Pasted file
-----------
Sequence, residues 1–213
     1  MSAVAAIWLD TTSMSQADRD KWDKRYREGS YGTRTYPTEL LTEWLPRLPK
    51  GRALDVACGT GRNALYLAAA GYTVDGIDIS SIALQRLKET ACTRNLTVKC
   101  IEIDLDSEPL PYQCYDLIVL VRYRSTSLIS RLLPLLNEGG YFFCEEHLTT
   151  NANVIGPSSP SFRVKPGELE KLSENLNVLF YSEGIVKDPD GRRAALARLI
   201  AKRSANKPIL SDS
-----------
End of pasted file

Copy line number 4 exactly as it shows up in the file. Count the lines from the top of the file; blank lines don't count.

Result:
   101  IEIDLDSEPL PYQCYDLIVL VRYRSTSLIS RLLPLLNEGG YFFCEEHLTT